Some defend space experiments as being necessary precursors to mans eventual colonization of other planets. I dont buy it.

We have yet to find a planet remotely capable of sustaining humanity. Even the vaunted efforts to find evidence of life and water on Mars have come up short.

The best evidence of life put forth thus far were fossilized remains of what could be bacteria. Most scientists, particularly bacterial microbiologists, describe this evidence as shaky at best.

Mars has no magnetic field. This mens that Martian atmosphere is unable to stop solar wind and radiation from interacting directly with surface soil. This would make life as we know it on Earth impossible.

NASAs earliest projections put a manned Mars mission no earlier than 2037. Because of Martian conditions, the mission would essentially be akin to an extended stay on a space station, but with gravity. A fully contained inside and outside on any structure on Mars would be absolutely necessary. That would be true of any attempts to live on Mars, as well.

So, in 40 years, astronauts may set foot on another planet.

But theyll have to wear spacesuits wherever they go. Their base will have to be artificially maintained to simulate Earth because the planet theyll be on is by most estimates incapable of supporting life.

And any attempt to build civilization there will have to start from the ground up. There is nothing there. Imagine the most desolate desert on Earth, make it very cold, take away all the oxygen, and make it impossible to leave without rockets. Thats what Mars is like right now.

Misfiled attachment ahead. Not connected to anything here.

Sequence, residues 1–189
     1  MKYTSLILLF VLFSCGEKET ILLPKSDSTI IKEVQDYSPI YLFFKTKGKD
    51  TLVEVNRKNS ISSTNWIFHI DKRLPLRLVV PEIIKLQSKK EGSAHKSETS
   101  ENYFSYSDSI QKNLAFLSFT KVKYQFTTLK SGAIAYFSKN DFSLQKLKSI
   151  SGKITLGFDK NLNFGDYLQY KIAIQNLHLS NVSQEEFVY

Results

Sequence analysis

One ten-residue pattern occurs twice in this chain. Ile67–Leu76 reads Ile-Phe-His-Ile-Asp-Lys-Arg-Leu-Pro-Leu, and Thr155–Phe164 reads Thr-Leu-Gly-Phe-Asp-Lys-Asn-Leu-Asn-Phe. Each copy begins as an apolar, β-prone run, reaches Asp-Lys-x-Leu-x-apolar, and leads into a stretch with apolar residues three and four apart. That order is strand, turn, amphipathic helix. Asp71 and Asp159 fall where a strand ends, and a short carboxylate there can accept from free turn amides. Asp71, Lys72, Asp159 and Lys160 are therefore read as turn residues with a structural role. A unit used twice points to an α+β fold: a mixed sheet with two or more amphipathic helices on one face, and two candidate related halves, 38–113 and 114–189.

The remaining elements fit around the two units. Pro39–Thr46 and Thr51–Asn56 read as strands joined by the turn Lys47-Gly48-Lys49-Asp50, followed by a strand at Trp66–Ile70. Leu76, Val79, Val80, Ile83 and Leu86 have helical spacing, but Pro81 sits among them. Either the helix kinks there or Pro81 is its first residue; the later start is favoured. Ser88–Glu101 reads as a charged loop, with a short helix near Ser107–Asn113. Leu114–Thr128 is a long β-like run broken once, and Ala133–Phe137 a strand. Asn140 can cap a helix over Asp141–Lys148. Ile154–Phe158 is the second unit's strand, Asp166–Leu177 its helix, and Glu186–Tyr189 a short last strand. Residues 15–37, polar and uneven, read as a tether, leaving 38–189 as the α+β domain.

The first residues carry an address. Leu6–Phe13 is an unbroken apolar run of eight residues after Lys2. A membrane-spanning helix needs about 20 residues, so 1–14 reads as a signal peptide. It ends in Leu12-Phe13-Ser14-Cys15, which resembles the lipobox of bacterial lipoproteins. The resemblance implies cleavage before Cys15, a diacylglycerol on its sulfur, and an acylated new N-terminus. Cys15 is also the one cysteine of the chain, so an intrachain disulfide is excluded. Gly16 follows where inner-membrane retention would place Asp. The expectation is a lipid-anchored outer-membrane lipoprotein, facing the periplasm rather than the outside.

Even with all of Earths problems, who would seriously want to go to Mars? You cant live there, you cant make a living there, and if something goes wrong, you probably wouldnt be able to leave there in time.

Thus, justifying space experiments as leading the way to Martian colonization does not sway me because the entire premise of Martian colonization is flawed.

Aside from satellites that actually have some benefit to Earth and humans, what good is space exploration really doing? Its eating up money in the billions while not really yielding anything of solid value.

Were in the middle of global recession right now. There are millions of people starving to death on Earth.

Millions more barely make a living due to abject poverty. People die of curable diseases every day.

Even factoring out the costs associated with maintaining useful satellites, ending space exploration would save billions of dollars that could be used to improve life on Earth. What good was a man taking a step on the moon when millions of malnourished children die before taking their first step on Earth?

Instead of throwing money at outer space, lets make use of it on Earth, where it can actually do good for the people who live here.